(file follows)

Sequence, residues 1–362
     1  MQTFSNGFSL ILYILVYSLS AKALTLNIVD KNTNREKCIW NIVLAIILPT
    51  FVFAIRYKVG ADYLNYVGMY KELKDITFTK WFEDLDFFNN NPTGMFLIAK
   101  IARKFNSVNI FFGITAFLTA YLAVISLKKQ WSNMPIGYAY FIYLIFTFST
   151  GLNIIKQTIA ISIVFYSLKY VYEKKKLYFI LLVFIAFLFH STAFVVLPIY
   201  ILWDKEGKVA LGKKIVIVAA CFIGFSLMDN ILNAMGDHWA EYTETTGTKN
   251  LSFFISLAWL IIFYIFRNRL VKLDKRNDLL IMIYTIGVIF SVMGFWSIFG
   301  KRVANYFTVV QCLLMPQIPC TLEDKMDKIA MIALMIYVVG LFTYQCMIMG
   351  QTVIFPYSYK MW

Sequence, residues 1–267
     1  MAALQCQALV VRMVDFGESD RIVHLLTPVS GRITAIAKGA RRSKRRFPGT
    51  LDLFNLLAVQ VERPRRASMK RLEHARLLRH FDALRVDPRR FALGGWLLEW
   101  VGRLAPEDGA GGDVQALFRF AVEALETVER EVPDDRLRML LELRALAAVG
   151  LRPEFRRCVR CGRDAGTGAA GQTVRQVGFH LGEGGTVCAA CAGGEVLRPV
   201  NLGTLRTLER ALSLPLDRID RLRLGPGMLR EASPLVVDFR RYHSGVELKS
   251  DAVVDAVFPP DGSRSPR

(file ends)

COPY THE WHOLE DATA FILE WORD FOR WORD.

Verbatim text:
Sequence, residues 1–362
     1  MQTFSNGFSL ILYILVYSLS AKALTLNIVD KNTNREKCIW NIVLAIILPT
    51  FVFAIRYKVG ADYLNYVGMY KELKDITFTK WFEDLDFFNN NPTGMFLIAK
   101  IARKFNSVNI FFGITAFLTA YLAVISLKKQ WSNMPIGYAY FIYLIFTFST
   151  GLNIIKQTIA ISIVFYSLKY VYEKKKLYFI LLVFIAFLFH STAFVVLPIY
   201  ILWDKEGKVA LGKKIVIVAA CFIGFSLMDN ILNAMGDHWA EYTETTGTKN
   251  LSFFISLAWL IIFYIFRNRL VKLDKRNDLL IMIYTIGVIF SVMGFWSIFG
   301  KRVANYFTVV QCLLMPQIPC TLEDKMDKIA MIALMIYVVG LFTYQCMIMG
   351  QTVIFPYSYK MW

Sequence, residues 1–267
     1  MAALQCQALV VRMVDFGESD RIVHLLTPVS GRITAIAKGA RRSKRRFPGT
    51  LDLFNLLAVQ VERPRRASMK RLEHARLLRH FDALRVDPRR FALGGWLLEW
   101  VGRLAPEDGA GGDVQALFRF AVEALETVER EVPDDRLRML LELRALAAVG
   151  LRPEFRRCVR CGRDAGTGAA GQTVRQVGFH LGEGGTVCAA CAGGEVLRPV
   201  NLGTLRTLER ALSLPLDRID RLRLGPGMLR EASPLVVDFR RYHSGVELKS
   251  DAVVDAVFPP DGSRSPR